Love turns away (v. 6a).
Love regrets (v. 6).
Love runs into danger (v. 7).
Love seeks help (v. 8).

Song of Solomon 5.9–16 – Love’s Loveliness

What is your beloved
More than another beloved, 
O fairest among women?
What is your beloved
More than another beloved,
That you so charge us?
My beloved is white and ruddy,
Chief among ten thousand.
His head is like the finest gold;
His locks are wavy,
And black as a raven.
His eyes are like doves
By the rivers of waters,
Washed with milk,
And fitly set.
His cheeks are like a bed of spices,
Banks of scented herbs.
His lips are lilies,
Dripping liquid myrrh.
His hands are rods of gold
Set with beryl.
His body is carved ivory
Inlaid with sapphires.
His legs are pillars of marble
Set on bases of fine gold.
His countenance is like Lebanon,
Excellent as the cedars.
His mouth is most sweet,
Yes, he is altogether lovely.
This is my beloved,
And this is my friend,
O daughters of Jerusalem!
(Song 5.9–16)

The daughters of Jerusalem wanted to know what made her beloved special. Why was he different from any other men; they wanted to know why they should help in the search?

First, in verse 10 she declared that he stands out among ten thousand men.

Then from verse 11 through the first line of verse 16 she painted a picture. They wanted to know how to identify him. She provided the details, starting from the head down.

She pictured him much as he did her. She spoke of his value to her. She found no fault in him. The loveliness of her man:

Hair – valuable and dark
Eyes – peaceful and pure
Cheeks – colorful and aromatic
Lips – produce beautiful words
Hands – valuable
Body – a work of creation
Legs – strong
Face – exudes excellence
Mouth – sweet words

Notice that his head—the top part of his body—was like the finest gold, his hands—the middle part of his body—were like rods of gold, and his feet—the bottom part of his body—she compared to gold.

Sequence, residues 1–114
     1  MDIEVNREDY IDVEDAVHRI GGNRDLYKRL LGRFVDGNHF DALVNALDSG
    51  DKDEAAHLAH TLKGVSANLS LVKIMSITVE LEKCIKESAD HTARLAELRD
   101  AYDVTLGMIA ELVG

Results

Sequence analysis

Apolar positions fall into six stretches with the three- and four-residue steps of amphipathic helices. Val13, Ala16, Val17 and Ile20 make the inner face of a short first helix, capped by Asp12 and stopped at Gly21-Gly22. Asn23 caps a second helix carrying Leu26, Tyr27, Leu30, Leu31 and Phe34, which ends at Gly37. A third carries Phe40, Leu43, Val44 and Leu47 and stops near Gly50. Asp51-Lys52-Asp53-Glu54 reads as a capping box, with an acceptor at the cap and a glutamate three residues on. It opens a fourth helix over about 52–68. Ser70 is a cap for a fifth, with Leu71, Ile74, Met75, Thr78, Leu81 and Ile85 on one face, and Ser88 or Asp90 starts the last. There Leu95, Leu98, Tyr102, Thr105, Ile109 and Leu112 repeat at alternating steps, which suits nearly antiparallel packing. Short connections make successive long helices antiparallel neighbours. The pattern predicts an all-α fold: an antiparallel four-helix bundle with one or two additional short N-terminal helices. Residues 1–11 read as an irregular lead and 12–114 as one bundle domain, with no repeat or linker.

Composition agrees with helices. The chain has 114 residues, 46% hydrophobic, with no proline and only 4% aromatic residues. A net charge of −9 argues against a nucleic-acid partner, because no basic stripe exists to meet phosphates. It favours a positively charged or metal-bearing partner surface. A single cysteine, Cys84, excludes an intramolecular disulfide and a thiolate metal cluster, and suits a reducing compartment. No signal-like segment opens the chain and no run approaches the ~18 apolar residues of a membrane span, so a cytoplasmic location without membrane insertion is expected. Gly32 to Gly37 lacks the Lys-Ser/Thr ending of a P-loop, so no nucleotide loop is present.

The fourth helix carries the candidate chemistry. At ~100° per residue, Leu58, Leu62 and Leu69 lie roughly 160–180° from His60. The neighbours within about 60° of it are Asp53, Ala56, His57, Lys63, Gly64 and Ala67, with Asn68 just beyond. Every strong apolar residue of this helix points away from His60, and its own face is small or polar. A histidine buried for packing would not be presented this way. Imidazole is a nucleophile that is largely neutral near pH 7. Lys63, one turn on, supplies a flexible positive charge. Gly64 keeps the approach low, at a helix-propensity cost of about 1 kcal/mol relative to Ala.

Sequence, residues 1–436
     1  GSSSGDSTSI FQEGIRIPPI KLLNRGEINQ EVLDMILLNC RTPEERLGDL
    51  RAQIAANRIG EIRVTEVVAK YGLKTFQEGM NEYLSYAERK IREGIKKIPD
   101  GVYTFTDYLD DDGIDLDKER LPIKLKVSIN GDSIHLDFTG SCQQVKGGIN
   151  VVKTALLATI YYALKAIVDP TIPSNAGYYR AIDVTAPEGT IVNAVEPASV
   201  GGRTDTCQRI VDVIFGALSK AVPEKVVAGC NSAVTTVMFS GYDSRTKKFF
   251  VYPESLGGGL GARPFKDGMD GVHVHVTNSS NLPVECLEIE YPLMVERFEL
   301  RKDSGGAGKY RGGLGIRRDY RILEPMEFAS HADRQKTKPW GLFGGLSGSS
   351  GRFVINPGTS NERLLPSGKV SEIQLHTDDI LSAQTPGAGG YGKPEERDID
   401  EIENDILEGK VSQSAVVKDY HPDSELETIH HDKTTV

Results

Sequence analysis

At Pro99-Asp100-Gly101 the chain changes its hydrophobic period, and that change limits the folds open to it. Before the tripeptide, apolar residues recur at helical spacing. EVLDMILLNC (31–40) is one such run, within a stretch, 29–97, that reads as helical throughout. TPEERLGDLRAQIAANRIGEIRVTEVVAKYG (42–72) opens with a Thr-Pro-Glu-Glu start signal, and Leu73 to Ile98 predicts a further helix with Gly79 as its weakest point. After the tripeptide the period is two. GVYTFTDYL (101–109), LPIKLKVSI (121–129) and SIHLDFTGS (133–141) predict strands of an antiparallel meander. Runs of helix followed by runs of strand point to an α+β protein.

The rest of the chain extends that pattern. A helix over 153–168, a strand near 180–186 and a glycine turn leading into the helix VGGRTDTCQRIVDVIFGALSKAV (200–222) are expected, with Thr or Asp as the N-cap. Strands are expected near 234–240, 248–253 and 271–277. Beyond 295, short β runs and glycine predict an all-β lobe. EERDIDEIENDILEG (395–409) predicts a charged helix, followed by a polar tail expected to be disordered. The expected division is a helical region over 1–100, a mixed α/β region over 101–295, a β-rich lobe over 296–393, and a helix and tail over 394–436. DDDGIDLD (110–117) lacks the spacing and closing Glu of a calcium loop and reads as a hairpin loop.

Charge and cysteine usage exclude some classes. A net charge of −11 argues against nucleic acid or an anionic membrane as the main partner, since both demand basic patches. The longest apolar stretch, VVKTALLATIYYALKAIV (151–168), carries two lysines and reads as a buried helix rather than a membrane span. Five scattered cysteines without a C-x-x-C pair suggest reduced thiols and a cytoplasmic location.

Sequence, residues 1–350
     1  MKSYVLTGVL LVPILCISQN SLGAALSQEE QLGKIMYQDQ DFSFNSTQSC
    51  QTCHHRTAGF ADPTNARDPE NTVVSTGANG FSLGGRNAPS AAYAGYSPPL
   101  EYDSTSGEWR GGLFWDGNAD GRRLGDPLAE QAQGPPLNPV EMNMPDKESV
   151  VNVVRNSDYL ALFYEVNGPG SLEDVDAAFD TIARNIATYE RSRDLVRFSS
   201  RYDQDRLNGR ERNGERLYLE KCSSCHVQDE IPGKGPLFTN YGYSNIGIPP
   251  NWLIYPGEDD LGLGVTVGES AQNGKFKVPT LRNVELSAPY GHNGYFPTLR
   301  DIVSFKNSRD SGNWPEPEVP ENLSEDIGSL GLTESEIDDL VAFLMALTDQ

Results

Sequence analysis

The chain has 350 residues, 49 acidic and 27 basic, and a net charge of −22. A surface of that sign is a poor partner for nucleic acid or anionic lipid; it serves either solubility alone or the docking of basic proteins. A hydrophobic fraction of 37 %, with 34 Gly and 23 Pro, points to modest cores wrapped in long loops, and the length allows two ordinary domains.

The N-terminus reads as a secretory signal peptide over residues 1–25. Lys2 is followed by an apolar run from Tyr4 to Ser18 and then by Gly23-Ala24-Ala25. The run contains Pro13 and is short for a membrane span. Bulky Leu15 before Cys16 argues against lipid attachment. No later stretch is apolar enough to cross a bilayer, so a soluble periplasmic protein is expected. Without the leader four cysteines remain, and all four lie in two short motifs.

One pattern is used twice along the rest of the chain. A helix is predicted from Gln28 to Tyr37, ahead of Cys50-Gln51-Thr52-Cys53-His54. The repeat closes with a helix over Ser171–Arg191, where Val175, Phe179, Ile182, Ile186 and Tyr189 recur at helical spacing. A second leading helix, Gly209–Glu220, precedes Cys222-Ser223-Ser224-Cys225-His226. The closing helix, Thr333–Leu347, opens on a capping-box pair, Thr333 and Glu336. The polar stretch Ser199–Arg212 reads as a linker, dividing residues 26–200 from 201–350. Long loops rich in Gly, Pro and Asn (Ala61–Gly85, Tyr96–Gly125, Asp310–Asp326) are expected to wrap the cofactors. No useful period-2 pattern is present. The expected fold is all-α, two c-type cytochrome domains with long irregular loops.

Love questions (v. 9).
Love answers (vv. 10–16).
Love cherishes above others (v. 10).
Love sees perfection (vv. 11–16a).
Love endears (v. 16).

Song of Solomon 6.1–3 – Love’s Garden

Where has your beloved gone,
O fairest among women?
Where has your beloved turned aside,
That we may seek him with you?
My beloved has gone to his garden,
To the beds of spices,
To feed his flock in the gardens,
And to gather lilies.
I am my beloved’s,
And my beloved is mine.
He feeds his flock among the lilies.
(Song 6.1–3)

Having asked, “what,” in verse 9, the daughters of Jerusalem now ask, “where?” They wanted an idea of where he might be. That way they could narrow down the search. However, it appears that she had found him.

Love wants to help (v. 1).
Love enjoys (v. 2).
Lovers unite (v. 3).

What shall we do with this section of the Song of Solomon? 

  • Remember that we do not belong to ourselves (1Co 7.3–6).
  • Love is not always convenient.
  • People are more important than anything, except God.
  • Turning down opportunities may hurt.
  • Value everything about your spouse.
  • Remember you are friends.

Remember you are friends.